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New Traffic Lights Criticized for Not Melting Snow
DELAWARE COUNTY (Tom Bosco/Kate Liebers) -- New traffic light technology could be to blame for recent crashes in Delaware County.
Snow and ice stuck to the signals Tuesday morning, a problem that seems to correlate with LED lights. The more energy-efficient system produces less heat and therefore melts less snow around it.
"These are now LED lights that were installed last year and this is the first winter we've had the lights installed," said Ohio State Highway Patrol Sgt. Robert Curry.
The snow-obscuring problem was made clear Tuesday, after the first snow accumulation of the year. Two accidents at the intersection of US 23 and Greif Parkway resulted in damage to multiple vehicles.
The first crash was apparently the result of a driver who did not stop for a red light. OSHP troopers said snow and ice trapped in the housing prevented the driver from seeing the signal.
Curry said snow-covered traffic lights caused five crashes throughout the day in Delaware County alone.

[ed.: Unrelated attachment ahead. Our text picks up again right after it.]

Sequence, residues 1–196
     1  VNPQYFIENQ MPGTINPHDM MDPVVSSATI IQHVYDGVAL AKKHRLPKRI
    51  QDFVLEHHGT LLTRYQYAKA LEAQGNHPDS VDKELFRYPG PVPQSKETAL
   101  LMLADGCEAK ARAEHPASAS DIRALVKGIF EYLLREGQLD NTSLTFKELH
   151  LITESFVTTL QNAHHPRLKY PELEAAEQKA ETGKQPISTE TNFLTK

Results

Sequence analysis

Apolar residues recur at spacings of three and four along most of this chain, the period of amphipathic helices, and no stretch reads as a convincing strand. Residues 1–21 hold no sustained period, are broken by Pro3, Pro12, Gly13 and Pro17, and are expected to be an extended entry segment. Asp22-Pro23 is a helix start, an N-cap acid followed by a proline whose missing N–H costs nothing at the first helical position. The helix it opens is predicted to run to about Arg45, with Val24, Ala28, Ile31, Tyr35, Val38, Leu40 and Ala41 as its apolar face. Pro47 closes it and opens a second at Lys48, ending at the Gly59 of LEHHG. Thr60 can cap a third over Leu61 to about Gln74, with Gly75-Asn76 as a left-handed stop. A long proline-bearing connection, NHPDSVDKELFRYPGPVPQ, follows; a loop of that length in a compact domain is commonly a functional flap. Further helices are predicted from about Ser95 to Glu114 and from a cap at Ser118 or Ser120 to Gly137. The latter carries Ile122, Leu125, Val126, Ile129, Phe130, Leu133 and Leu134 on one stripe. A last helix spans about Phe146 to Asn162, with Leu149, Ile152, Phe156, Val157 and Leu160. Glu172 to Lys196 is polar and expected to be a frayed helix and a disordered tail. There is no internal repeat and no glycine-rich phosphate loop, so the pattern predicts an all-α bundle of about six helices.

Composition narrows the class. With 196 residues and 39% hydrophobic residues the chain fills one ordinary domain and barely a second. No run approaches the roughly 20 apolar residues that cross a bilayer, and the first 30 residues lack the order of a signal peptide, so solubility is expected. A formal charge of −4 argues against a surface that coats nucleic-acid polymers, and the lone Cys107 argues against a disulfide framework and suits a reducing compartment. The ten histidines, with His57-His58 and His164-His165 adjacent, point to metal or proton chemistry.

In the south side of Columbus, ABC 6 cameras caught near-misses at the intersection of High and Rathmel, where signals were covered in snow.
Snowy signals were also reported in Hilliard.
An Ohio Department of Transportation spokesperson said complaints about snow-covered signals are rare, but acknowledged this possibility.
Delaware County Engineer's Office reported the county has been using LEDs for years without complaints until Tuesday.
The county's crews sprayed signals with de-icers in response to the complaints.
Troopers reminded drivers that it is their responsibility to stop, regardless of the weather.
"If you can't clearly see if you have a red light or a green light, you treat it as a four-way stop," Curry said.